of movie you want for less and then they
give you more freedom because they
know they'll make their money back
right away so they'll let you just do what

As a general rule, a film brandished
with the long-gone PG rating (aside
from cartoons) usually sucks. Finally,
director Robert Rodriguez, known for
his quick cutting and explosive vio-
lence in such films as "Desperado,"
"From Dusk 'Til Dawn" and "The
Faculty," dishes up a for-real family
film that single-handedly returns to the

Spy Kids
Grade: B
At Showcase
and Quality 16

core of the child
adventure films
of the '80s.
After all, kids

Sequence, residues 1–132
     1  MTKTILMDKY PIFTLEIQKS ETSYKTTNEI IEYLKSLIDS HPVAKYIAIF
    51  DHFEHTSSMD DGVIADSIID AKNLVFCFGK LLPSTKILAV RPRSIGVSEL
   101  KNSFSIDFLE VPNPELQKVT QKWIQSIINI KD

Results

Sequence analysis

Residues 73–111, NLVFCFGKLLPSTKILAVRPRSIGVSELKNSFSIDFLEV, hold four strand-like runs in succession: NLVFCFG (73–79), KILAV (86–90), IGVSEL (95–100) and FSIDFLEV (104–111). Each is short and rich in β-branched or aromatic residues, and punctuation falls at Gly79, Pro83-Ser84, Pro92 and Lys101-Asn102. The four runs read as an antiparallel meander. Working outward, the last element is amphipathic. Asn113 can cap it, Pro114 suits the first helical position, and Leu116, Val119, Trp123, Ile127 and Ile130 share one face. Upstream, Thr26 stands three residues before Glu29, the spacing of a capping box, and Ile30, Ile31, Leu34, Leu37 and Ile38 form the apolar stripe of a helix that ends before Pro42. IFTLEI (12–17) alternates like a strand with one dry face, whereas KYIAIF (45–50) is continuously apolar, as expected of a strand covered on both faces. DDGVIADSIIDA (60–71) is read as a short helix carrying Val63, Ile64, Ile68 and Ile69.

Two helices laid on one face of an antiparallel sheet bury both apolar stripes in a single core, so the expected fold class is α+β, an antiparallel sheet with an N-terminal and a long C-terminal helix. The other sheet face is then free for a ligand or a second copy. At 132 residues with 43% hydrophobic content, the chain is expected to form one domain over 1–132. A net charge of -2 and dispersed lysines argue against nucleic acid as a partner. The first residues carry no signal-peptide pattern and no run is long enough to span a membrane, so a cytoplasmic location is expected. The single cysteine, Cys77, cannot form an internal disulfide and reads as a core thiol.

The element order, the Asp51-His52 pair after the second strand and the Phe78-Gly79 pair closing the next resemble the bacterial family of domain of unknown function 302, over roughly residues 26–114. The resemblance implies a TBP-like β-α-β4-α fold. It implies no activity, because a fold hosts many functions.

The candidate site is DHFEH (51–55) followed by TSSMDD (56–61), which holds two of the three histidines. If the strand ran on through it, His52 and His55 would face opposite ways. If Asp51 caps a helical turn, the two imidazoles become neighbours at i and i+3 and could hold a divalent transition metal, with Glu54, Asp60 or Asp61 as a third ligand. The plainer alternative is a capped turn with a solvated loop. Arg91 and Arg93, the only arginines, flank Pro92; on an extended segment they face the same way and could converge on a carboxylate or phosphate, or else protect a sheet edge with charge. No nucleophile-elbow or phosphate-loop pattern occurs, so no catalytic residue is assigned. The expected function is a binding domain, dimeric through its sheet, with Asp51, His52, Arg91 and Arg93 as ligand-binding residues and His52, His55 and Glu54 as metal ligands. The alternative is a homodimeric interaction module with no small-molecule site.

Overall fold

are people too,
and in "Spy
Kids," they kick
"Spy Kids" is
exactly what it
says it is: A
James Bond Jr.

Courtesy of Dimension Films
Director Robert Rodrigeuz (inset) kept the cast and production of "Spy Kids" at a
personal level with his creative energy and indie work ethic.

you want. That's the key"
Though far less violent than
Rodriguez's other films, "Spy Kids" car-
ries his genuine quality, unlike other
Hollywood films. "I think you can tell
the difference with the movie. It feels
like it's a home made movie. It's not like
a big studio movie," Rodriguez said. "It
gives it a little more personal touch to it.
It could easily be just like James Bond,
stamped out, cookie-cutter type stuff. I
really wanted it to be a little wild."
And it sure was, as "Spy Kids" took
the top spot at the box office this past
weekend, almost recouping its entire

budget. But Rodriguez isn't stopping
yet, with plans for a re-release as well as
"We're probably going to rerelease
the movie in the summer as a special
edition with some extra action scenes,"
Rodriguez said, excited to show off one